Transfusions blamed for two cases of Zika
Still, official says, mosquitoes are the real threat in spreading virus
A blood bank in the Brazilian city of Campinas has confirmed that two people were infected with the Zika virus after transfusions there last year. It is the first time that transmission of the disease has been linked to blood transfusions.
Brazil is in the midst of a Zika outbreak that the government has linked to a rise in the number of babies born with microcephaly — a birth defect characterized by an abnormally small head and often motor and learning difficulties.
Marcelo Carvalho, director of the hemotherapy division at the Campinas blood center, a relatively wealthy city near Sao Paulo, reported the two cases of Zika infections caused by blood transfusions, which occurred in the first part of last year.
In one case, a patient received a transfusion in March. Days after giving blood, the donor reported experiencing dengue-like symptoms. After an investigation, both he and a man who had received the transfusion were found to have Zika.
“It was just a laboratory infection. There was no clinical manifestation,” Carvalho said of the transfusion recipient. The Brazilian government says people who get Zika usually show few, if any, symptoms.
Another case of transmission by blood transfusion took place in February 2015 in a hospital run by the University of Campinas, which also runs the blood bank. A man who had been shot is believed to have caught Zika from one of about 100 blood transfusions he received during three months at the hospital, Carvalho said.
“He got fever. He had various infections during internment, multiple organs failed, he got very sick,” Carvalho said. Dengue was suspected, but results of a test of his blood that came back in December showed Zika. The patient died of the gunshot wounds. Last month, a test on the donor showed Zika.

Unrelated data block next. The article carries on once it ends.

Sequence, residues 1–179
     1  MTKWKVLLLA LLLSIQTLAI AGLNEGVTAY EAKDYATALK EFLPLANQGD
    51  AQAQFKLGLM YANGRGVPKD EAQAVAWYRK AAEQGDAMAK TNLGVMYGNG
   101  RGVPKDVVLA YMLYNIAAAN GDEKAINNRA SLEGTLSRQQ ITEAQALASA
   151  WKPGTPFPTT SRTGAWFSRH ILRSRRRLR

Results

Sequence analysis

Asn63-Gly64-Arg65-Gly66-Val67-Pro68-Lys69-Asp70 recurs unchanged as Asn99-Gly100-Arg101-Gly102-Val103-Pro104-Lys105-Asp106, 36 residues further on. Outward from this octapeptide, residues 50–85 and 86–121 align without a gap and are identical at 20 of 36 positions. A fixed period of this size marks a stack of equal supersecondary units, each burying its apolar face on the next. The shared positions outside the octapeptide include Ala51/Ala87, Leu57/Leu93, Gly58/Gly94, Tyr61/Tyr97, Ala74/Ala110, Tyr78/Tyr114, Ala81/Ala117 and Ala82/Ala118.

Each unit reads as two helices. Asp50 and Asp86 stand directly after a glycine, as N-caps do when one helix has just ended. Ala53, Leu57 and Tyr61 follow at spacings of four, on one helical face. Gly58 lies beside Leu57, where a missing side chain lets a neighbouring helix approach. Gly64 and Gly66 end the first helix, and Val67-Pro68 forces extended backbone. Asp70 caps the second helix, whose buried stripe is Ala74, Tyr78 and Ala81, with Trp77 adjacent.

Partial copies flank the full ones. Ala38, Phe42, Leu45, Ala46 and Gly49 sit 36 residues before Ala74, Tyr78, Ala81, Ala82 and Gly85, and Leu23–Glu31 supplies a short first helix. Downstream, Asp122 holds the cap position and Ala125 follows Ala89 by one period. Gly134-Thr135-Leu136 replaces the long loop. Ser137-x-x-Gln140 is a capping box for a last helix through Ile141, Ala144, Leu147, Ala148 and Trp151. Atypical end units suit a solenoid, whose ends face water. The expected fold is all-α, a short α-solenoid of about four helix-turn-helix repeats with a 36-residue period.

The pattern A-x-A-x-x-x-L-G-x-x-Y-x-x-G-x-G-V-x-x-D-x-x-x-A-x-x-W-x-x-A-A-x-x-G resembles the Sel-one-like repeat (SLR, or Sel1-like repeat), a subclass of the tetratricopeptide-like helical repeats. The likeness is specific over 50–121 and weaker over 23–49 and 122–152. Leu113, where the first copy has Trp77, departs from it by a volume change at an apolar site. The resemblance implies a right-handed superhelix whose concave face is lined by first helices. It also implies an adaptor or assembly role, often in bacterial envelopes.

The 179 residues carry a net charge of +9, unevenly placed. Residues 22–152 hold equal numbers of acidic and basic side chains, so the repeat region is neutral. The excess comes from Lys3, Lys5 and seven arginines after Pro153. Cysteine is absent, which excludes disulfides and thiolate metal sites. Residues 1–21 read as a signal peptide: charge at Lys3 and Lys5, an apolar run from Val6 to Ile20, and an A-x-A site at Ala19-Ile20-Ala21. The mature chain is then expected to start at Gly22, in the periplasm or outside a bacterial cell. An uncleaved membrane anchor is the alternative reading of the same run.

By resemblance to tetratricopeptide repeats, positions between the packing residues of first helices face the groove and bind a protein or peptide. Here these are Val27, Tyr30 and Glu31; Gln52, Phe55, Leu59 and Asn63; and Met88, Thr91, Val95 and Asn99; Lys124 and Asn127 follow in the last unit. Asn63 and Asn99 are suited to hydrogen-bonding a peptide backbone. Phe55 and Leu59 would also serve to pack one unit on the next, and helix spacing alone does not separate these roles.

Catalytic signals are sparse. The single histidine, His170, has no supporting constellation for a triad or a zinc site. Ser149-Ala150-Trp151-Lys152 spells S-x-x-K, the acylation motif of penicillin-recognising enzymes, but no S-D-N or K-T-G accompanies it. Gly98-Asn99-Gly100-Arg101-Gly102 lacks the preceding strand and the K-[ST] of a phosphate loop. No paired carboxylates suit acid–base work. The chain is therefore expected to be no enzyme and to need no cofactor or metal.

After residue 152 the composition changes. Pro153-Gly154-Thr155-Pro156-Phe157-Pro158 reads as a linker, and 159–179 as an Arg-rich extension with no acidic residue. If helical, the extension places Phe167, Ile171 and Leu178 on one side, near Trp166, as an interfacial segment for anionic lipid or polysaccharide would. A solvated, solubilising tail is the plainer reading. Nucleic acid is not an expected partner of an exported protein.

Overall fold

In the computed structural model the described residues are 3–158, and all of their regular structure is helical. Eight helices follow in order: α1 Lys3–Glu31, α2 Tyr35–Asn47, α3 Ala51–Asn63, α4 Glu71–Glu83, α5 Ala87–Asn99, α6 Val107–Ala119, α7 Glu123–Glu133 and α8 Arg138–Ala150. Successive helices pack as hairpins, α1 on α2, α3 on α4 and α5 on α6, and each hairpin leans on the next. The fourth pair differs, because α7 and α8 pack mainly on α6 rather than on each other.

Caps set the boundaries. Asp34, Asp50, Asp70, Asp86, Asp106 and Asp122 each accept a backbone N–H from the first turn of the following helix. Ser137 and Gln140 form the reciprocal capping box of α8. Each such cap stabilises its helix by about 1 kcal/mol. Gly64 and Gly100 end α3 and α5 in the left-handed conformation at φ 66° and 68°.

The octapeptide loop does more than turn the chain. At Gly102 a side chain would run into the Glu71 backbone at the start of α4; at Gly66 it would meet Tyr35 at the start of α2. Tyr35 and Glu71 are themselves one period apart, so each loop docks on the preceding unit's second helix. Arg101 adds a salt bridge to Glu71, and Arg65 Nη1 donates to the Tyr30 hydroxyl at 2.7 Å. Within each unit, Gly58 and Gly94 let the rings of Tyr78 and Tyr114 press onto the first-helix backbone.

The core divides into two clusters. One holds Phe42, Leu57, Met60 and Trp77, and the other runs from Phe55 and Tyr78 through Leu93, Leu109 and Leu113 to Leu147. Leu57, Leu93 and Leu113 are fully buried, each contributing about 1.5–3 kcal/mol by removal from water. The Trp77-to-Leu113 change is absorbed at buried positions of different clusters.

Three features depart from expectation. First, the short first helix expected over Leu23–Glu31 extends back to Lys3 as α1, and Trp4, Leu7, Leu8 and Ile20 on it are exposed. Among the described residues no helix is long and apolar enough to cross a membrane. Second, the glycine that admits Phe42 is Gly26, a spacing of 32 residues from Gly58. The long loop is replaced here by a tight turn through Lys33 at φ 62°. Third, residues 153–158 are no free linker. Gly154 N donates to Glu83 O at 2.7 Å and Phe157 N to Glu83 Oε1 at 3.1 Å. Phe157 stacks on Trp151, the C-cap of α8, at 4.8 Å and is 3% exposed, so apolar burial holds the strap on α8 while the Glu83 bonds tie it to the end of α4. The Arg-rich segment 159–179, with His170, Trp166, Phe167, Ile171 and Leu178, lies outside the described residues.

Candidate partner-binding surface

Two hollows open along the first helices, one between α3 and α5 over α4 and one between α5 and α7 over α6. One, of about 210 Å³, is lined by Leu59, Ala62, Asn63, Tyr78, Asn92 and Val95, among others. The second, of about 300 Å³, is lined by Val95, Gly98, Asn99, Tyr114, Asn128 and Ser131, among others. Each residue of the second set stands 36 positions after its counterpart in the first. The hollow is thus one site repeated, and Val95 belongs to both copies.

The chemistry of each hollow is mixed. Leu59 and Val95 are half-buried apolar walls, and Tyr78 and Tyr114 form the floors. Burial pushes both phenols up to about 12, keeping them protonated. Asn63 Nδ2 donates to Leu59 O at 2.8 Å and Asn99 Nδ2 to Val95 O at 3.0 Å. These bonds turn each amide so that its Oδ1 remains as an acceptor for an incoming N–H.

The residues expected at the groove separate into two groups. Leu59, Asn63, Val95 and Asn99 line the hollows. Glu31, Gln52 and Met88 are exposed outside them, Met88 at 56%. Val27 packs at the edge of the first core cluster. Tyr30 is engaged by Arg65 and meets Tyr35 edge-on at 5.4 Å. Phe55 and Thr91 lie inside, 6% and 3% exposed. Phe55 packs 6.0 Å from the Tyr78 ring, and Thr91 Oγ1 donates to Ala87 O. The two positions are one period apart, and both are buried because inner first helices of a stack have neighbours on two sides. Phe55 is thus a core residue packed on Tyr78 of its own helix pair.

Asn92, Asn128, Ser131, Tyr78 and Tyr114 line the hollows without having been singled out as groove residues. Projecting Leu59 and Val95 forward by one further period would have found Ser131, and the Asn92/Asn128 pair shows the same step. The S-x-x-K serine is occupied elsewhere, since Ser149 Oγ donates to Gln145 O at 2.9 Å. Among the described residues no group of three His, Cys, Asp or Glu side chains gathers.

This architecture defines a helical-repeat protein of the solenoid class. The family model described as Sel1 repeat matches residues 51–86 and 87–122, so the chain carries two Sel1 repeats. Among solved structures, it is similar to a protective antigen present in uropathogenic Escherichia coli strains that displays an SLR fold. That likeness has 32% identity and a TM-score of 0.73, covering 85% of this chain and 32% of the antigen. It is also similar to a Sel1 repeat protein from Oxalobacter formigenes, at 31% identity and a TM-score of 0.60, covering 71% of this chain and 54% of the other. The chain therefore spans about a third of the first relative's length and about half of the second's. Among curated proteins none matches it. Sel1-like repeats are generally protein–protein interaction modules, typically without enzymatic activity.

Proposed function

“The donor was contacted and said that days after the donation he presented symptoms comparable with Zika and he recovered well without any complications,” Carvalho said.
He said new procedures had reduced the risk of patients getting Zika from blood transfusions.
“All the actions, as much governmental as by society, should be focused on the control of the vector, the mosquito,” Carvalho said. “The risk of transmission by transfusion is millions of times less than the risk of transmission by the mosquito.”
Worries about Zika in the blood supply have been a growing concern for health officials around the world. The American Red Cross and health officials in Canada and Britain have been urging people who have traveled to regions affected by the Zika virus to wait at least four weeks before giving blood.
Officials at the Food and Drug Administration said this week that they are assessing whether travelers who have visited places with local Zika transmission should defer donating blood. The FDA did not immediately respond to a request for comment Thursday.
The American Association of Blood Banks, the professional standards group, said that its 28day self-deferral recommendation also applies to other tropical viruses, such as dengue and chikungunya, and that it should result in only minor decreases — about 2.25 percent — in overall donations of blood.